Last week, we showcased the most popular Hatch Magazine stories of 2019. As is the norm, those top 10 stories of the past year was a mixed bag that included not only stories that were the favorites of our readers, but of our editors and contributors, as well. But, in addition to each year's reader favorites, there are always a pile of stories that the folks that help bring you Hatch Magazine want to highlight.
This collection is similarly varied—travel stories, fishing and hunting tales, conservation coverage, political coverage and more. Here are this year's selections.
- In the highlands — In search of prehistoric trout and char in Iceland's wild interior.
- Abaco after the storm — On September 1, Hurricane Dorian made landfall on the Bahamian island of Abaco, wreaking untold devastation. Photographer Dan Zazworsky was on the ground to capture the immediate aftermath and tell the story of what a once idyllic island looked like after the storm.
- At the edge of the world — Chasing giants in Tierra del Fuego, the windswept archipelago at the tip of South America, which might rightly be called the edge of the world.
- Obliteration — Are all memories just ghosts?
- A nearby faraway — Standing outside the woods, peering into it, became ritual.
- An eye for flies — Thoughts on the art of fly tying.
- A hex emergency — Michigan's Hexagenia hatches are famous. Nights like this are why.
- The Crow Rock years — Nowhere did we have more fun, or enjoy better smallmouth fishing, than we did at Crow Rock.
- The nature of things — Why do some people never seem to catch a break?
- Casper — We all have our anchors; those things that hold us in place when the storms come.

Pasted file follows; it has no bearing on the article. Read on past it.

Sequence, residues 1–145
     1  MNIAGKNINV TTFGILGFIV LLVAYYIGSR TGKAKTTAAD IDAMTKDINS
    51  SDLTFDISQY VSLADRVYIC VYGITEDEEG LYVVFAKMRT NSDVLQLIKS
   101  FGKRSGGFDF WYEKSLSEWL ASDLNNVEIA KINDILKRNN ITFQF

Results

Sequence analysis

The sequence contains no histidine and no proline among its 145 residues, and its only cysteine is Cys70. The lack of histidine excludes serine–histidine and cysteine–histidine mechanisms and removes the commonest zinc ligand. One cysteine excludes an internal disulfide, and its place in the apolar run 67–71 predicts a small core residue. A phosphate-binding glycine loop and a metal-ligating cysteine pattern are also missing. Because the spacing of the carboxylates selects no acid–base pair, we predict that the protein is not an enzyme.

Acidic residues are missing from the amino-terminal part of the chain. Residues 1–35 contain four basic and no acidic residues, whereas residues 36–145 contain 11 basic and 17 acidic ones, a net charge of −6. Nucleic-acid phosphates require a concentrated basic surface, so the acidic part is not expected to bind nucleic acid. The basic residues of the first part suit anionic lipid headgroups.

- A note from a friend — We can choose to see the world around us.
- I shot Muldowney — And you would have too.
- The very cruelest thing — Sometimes you can get so mad about something it festers and becomes part of your brain.
- The Racine — It was as unimprovable an object as human hands have ever fashioned.
- Guns and responsibility — Have we lost respect for the power that guns possess?
- Fishing PFDs: Life savers — Gear pieces don't usually make the editors' picks for best of the year, but this one is an exception, especially after recently learning of another angler friend lost to the river. In this two-part series, Todd Tanner details and reviews options for fishing PFDs (personal floatation devices) for both wading and boat excursions. Stay safe out there.
- Invasive lake trout have rewired Yellowstone's food web — Bears, wolves, elk, birds, and more have left the park or altered their behavior thanks to lake trout-induced changes.
- Fire season rages ... in May — Wildfire seasons are starting earlier and lasting longer.
- Could a sex change operation be the key to restoring native trout species? — Scientists are attempting a novel approach to eradicating non-native brook trout in the West.
- Trump administration's flagrant attacks on public lands, clean air and clean water continue — New actions at BLM and EPA are just the latest in a 3-year long assault.
- It's time to stop starving Florida Bay — A lack of fresh water is smothering one of the world's most diverse and iconic fisheries.
- Yellowstone lake trout are on the retreat — Millions of dollars and years of eradication efforts are starting to pay off.
- Chemophobia in America — A two-part series from conservation writer Ted Williams, exploring how phobias surrounding chemical controls are thwarting species restoration efforts.
- Trump administration effort to strip forest protections aims to boost profits, not jobs — Groups are urging individuals to speak up for the Tongass National Forest.
- Sargassum and the sea: Way too much of a good thing — Beach, shore and bay-choking sargassum may be the new normal throughout much of the Caribbean.